Our memory is a big part of what makes us human. One of the biggest fears many people have as they get older is the possibility of developing Alzheimer’s or some other dementia. And it’s not only the impact on memory directly, but on one’s ability to remain independent, to interact with loved ones, and to enjoy even the simple things that give our lives meaning.
Alzheimer’s disease is the sixth leading cause of death in this country. One in 3 seniors die with Alzheimer’s or some other dementia. Direct costs of Alzheimer’s disease in the United States will top $203 billion this year. And the value of care given by unpaid caregivers is estimated at over another $200 billion each year. Clearly this is a big problem. And it’s getting bigger. For more facts and figures, check this Alzheimer’s Association summary.
But these numbers don’t really touch on the personal cost of dementia. Many of both the patients and family members affected feel like Alzheimer’s steals what should be some of the most meaningful years of one’s life. Family members put careers on hold. Financial savings are wiped out. And the physical and emotional toll of caregiving becomes overwhelming.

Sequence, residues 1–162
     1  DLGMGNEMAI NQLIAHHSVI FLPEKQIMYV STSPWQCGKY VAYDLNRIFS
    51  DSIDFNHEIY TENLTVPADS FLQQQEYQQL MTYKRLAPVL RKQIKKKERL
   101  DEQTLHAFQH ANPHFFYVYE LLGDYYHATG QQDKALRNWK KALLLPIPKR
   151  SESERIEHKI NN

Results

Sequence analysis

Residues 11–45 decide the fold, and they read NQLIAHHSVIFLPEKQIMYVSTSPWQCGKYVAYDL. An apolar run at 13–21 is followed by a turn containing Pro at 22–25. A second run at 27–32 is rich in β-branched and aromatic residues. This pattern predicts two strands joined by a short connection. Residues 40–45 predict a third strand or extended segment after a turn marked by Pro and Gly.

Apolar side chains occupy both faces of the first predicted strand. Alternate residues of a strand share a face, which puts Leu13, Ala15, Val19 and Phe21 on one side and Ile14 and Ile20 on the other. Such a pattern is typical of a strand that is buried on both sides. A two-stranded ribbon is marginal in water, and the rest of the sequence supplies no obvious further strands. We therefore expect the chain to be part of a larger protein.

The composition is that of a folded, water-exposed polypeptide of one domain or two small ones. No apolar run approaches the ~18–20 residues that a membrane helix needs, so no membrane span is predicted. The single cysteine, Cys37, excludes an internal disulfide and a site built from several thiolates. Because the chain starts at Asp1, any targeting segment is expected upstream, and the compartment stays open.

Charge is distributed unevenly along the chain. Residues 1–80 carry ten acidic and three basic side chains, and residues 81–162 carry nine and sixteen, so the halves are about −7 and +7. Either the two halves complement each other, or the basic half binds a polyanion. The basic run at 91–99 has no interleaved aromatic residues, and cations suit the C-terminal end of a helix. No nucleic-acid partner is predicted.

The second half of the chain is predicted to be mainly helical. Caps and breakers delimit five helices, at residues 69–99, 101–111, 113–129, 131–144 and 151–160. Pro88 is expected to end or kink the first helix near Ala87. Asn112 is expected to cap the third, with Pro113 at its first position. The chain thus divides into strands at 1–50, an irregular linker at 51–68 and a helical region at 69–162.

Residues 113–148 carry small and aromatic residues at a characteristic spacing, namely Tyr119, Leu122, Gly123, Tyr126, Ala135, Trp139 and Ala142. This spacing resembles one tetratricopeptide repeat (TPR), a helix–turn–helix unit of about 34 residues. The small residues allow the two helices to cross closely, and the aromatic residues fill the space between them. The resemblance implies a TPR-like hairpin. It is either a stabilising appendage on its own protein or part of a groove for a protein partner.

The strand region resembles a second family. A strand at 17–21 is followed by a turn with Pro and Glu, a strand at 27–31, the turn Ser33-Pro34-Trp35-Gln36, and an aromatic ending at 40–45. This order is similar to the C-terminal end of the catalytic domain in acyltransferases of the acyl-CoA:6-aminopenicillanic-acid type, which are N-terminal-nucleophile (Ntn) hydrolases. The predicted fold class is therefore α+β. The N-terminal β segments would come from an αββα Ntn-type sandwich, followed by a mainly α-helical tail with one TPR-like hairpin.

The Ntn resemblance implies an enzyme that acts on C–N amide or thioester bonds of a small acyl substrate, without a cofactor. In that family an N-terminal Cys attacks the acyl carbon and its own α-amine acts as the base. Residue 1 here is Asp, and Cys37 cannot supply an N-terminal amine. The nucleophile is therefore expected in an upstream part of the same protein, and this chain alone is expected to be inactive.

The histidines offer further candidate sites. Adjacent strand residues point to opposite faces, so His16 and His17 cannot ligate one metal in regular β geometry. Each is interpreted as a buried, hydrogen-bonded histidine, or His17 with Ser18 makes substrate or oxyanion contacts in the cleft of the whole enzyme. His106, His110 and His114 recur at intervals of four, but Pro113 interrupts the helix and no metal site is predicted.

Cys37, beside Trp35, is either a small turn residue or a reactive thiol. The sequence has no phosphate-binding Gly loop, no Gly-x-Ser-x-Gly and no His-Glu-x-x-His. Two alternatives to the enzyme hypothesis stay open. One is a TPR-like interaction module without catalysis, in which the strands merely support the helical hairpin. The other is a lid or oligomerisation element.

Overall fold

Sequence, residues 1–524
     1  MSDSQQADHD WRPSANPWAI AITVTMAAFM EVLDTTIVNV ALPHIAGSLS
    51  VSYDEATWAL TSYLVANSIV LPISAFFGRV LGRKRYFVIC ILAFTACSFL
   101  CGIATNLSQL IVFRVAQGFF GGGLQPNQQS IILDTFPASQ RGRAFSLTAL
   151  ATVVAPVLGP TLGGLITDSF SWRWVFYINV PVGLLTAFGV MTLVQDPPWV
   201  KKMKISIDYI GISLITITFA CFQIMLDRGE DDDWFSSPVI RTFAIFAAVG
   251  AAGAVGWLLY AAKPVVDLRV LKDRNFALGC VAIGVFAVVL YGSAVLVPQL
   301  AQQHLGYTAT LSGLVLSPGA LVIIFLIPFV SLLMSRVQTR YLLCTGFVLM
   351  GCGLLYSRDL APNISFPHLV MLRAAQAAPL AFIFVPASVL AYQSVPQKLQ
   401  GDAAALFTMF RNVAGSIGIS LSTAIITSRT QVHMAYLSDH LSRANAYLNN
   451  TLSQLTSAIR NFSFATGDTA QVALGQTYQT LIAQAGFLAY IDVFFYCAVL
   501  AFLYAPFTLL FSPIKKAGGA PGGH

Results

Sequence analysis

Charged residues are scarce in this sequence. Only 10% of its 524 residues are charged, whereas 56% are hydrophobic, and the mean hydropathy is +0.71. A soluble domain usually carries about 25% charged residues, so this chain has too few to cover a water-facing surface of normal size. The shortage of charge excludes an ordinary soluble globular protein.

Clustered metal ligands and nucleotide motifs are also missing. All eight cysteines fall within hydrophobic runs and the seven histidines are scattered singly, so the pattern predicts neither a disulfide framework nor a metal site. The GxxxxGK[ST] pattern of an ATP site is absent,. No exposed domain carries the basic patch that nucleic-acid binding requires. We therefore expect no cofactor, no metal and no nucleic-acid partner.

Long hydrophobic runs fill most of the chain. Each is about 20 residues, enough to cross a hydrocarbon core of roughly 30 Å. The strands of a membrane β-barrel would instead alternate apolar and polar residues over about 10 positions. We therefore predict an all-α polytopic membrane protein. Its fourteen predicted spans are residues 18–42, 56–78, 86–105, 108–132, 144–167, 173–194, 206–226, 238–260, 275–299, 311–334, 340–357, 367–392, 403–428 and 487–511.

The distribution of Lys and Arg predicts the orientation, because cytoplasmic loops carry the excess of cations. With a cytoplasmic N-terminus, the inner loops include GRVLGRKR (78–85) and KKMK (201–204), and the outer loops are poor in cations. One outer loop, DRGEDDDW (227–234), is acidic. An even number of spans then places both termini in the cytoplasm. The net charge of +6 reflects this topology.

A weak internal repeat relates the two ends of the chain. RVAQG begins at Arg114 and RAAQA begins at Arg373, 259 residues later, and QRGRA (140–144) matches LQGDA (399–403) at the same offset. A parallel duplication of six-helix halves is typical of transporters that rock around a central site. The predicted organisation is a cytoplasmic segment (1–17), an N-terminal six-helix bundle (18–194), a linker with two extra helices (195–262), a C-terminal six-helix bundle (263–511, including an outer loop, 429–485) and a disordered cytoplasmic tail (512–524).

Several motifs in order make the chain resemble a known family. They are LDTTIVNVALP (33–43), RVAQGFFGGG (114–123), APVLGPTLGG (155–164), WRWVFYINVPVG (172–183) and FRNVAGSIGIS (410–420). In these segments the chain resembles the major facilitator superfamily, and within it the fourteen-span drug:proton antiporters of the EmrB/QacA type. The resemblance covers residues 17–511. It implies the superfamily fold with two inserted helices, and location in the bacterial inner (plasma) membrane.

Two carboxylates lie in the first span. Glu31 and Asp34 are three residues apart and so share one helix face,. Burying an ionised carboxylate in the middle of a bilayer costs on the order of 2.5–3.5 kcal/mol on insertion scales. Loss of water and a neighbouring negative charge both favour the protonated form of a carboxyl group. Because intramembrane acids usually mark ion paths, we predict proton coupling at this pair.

Medical science has made some intriguing inroads into the world of brain science and dementia, but there are still no truly effective treatments to cure, delay, or stop the progression of Alzheimer’s disease. We need some scientific breakthroughs to stop the personal and economic cost of this life-altering tragedy.